Cannabis retailers call for BC Solicitor General’s resignation
Published on October 13, 2021 by David Wylie
A group of Okanagan cannabis retailers are calling for the resignation of the BC’s Minister of Public Safety and Solicitor General Mike Farnworth.
In an open letter to Premier John Horgan, the Okanagan Cannabis Collective says Farnworth has demonstrated he is “incapable” of handling the file.
“It is through his failed leadership that the industry has experienced unnecessary hardships, in particular as it relates to the proliferation of illegal brick and mortar and illegal online cannabis stores,” says the letter sent directly to Horgan on Wednesday.
• RELATED: BC dismisses calls to crack down on illicit pot shops
Speaking on behalf of the collective, Spiritleaf Vernon owner Sarah Ballantyne says many legal retailers are struggling to survive due to rampant unlicensed pot shops.
“We were promised change,” she says in an interview. “And we’re not seeing any real change here in the Okanagan. Weed is plentiful here. The black market is thriving.”
Ballantyne notes that eliminating the illegal market was the No. 1 mandate of legalization.
For years, retailers in the Okanagan have been reporting unlicensed operations throughout the Valley—where there are about 20—to the minister and the Community Safety Unit, tasked with enforcement. She says neither appear willing to take any action against the stores. To prove their case, the group has put together a Google Map of 35 known cannabis stores openly operating in BC without a licence.
She says why not eliminate some of the restrictions on legal stores to help ease the burden?
The collective is asking the province to immediately:
- eliminate the requirement for legal retailers to remit PST
- eliminate the 15% wholesale markup on cannabis products from the BCLDB
- eliminate the annual cannabis retail licensing fee
- freeze the issuance of new cannabis licenses
- eliminate 20% vape tax
“Help us,” says Ballantyne. “Give us more tools to be successful or else we’re going to start seeing more legal stores close than open. The market is oversaturated.”
• RELATED: First Nations cannabis stores a ‘hot potato’
Many of the unlicensed stores in the Okanagan are operating on Indigenous land, where enforcement could clash with reconciliation efforts. Ballantyne says the province needs to do a better job issuing licences on First Nations’ land, adding the government has not included Indigenous people properly on legislation.
“Either level the playing field for legal retailers or start enforcing those who don’t have a licence,” says Sarah Ballantyne.
The collective also notes in its letter that in a recent study 85% of illegal cannabis was found to be unfit for human consumption.
Ballantyne says retailers have tried to engage the government without success.
“It’s always a one-way conversation. We always make a lot of noise or make some headlines and they come back and say, ‘No, it’s not like that,’” she says.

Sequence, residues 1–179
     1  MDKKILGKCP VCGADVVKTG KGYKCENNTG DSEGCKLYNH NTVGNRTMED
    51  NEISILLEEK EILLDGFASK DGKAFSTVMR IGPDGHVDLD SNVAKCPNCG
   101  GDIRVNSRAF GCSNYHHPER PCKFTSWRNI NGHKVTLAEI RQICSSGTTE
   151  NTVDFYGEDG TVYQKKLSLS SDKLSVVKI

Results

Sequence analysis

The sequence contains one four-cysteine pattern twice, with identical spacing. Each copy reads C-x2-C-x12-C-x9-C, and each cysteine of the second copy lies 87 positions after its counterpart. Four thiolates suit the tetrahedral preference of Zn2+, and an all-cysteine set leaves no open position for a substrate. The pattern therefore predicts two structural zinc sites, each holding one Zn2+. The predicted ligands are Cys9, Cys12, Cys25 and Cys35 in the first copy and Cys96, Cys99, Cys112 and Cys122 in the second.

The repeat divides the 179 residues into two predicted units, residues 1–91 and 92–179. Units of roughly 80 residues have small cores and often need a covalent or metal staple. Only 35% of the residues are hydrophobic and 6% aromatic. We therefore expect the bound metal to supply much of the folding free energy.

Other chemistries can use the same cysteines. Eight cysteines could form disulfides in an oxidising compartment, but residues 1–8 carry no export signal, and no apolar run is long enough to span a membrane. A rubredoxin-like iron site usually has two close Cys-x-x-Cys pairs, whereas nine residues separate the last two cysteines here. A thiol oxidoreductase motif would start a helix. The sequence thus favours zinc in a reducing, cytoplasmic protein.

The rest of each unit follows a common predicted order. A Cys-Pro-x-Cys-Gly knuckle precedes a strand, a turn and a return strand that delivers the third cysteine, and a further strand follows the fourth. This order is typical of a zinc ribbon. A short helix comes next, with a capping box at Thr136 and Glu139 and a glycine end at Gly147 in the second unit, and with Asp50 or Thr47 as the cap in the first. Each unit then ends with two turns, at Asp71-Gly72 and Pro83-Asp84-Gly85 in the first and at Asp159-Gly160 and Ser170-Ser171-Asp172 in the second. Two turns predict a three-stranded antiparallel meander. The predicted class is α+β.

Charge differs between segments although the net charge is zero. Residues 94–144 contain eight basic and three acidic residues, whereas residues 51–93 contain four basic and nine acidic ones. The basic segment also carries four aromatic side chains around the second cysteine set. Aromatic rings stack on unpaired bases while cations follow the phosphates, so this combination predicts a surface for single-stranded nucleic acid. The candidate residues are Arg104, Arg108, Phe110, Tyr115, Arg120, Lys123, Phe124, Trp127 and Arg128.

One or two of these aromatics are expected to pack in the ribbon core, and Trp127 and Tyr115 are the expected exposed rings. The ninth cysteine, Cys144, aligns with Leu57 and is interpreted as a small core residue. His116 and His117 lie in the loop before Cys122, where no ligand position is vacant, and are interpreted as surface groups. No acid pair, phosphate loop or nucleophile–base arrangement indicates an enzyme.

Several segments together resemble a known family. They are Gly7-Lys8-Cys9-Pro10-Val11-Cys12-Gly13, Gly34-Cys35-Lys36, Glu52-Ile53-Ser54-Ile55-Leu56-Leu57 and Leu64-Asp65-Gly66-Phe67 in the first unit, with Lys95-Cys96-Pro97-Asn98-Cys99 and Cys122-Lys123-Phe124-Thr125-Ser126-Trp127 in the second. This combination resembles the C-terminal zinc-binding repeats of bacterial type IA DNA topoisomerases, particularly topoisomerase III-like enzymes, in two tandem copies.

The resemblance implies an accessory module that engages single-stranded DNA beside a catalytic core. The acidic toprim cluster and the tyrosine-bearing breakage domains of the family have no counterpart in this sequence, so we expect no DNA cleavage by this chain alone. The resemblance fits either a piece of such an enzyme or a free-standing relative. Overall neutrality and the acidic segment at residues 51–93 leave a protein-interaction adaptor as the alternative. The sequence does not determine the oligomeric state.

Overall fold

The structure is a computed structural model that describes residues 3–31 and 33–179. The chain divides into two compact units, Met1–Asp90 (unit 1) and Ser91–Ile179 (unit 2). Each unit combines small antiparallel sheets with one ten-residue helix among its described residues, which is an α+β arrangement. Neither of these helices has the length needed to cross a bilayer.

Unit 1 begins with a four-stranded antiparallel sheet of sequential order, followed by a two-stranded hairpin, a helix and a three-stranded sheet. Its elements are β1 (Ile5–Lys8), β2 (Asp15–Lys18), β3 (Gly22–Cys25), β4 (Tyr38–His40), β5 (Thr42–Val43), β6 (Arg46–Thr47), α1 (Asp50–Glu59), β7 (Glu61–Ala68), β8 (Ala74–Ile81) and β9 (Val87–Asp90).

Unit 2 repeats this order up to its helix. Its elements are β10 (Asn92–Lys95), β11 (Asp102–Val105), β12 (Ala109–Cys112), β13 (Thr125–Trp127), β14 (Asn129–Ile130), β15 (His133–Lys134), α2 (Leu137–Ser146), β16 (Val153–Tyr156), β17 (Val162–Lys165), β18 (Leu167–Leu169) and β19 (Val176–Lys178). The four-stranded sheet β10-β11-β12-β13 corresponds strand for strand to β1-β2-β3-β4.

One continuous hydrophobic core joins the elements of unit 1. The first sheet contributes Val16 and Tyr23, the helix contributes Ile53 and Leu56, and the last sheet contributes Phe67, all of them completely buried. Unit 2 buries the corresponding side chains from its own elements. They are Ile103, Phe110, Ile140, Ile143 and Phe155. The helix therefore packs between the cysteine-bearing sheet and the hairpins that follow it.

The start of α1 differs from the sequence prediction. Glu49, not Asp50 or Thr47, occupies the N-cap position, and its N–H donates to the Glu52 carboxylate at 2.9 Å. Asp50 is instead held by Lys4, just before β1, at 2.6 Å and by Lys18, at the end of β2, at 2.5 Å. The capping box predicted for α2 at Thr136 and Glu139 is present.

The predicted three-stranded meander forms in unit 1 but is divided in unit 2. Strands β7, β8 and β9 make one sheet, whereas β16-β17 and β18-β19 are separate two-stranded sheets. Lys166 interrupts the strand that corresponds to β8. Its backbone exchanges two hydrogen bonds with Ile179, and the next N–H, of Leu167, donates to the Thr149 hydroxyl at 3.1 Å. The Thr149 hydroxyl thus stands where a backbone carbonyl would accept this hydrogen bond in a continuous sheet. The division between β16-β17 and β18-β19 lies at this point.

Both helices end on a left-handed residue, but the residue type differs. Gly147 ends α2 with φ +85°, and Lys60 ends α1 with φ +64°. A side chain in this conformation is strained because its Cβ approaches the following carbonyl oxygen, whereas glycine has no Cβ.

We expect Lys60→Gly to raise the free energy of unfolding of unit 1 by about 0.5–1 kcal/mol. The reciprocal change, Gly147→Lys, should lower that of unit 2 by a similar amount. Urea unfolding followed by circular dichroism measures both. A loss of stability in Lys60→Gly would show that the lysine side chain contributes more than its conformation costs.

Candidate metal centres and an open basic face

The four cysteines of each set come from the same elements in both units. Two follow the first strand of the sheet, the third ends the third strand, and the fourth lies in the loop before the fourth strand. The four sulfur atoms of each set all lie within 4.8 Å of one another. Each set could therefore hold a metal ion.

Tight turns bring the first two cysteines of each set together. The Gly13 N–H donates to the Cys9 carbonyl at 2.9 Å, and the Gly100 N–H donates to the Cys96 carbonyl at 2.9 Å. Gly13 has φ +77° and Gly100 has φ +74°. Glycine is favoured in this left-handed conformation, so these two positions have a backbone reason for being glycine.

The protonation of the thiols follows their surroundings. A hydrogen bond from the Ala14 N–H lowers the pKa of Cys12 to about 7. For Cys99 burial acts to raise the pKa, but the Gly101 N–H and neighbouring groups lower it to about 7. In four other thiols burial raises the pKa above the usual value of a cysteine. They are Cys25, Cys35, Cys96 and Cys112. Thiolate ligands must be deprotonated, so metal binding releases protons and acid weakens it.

“We’ve operated longer in a pandemic than not. We’re an essential service.”
Ministry officials respond to criticism
The BC government says it’s trying to balance reconciliation and enforcement.
In an email to the oz., a spokesman with the Ministry of Public Safety and the Solicitor General says respect for local Indigenous community interests must be taken into consideration.
“The province is committed to reconciliation, building positive relationships with Indigenous governments, understanding where they have different perspectives, and, where possible, collaborating to find resolution,” says the statement from the ministry.
“These efforts are balanced against the need to ensure that the legal and regulatory framework for cannabis is implemented across the Province and in alignment with federal laws.”
The ministry says officers with the Community Safety Unit, which is tasked with enforcing cannabis laws, have been increasing enforcement action and actively following up with unlicensed retailers throughout BC.
“The CSU is also educating those who own or operate properties about the potential consequences for allowing their premises to be used for the sale of cannabis,” says the ministry.
As for enforcement on Indigenous land, the ministry says the CSU is working to make connections with Indigenous communities and considers their views and interests when carrying-out compliance and enforcement activities, including reaching out to build relations with chief and council.
“This has helped develop positive relationships with Indigenous Nations and Bands and has resulted in obtaining compliance from unlicensed cannabis operations occurring on reserve,” says the ministry.
The ministry says it has been working with Indigenous communities interested in taking part in the cannabis industry, including the Williams Lake First Nation and the Cowichan Tribes.
“It’s been only three years since Canada legalized non-medical cannabis,” says the ministry.
“We remain committed to supporting the growth of a diverse, legal, and strong cannabis sector. We are always reviewing our cannabis regulations and looking to make sure the sector is supported in being as successful as possible.”
Enforcement throughout BC:
- To date (Oct. 14, 2021), CSU officers have completed more than 70 inspections involving seizure of cannabis with a total estimated retail value of approximately $20 million.
- Additionally, 173 unlicensed retailers have either closed or stopped selling cannabis as a direct result of the CSU’s actions.
- As of Oct. 4, 2021, the Province has collected more than $1.2 million in penalties from illegal retailers who chose to continue to operate.
- The CSU remains active and compliance and enforcement activities continue across BC.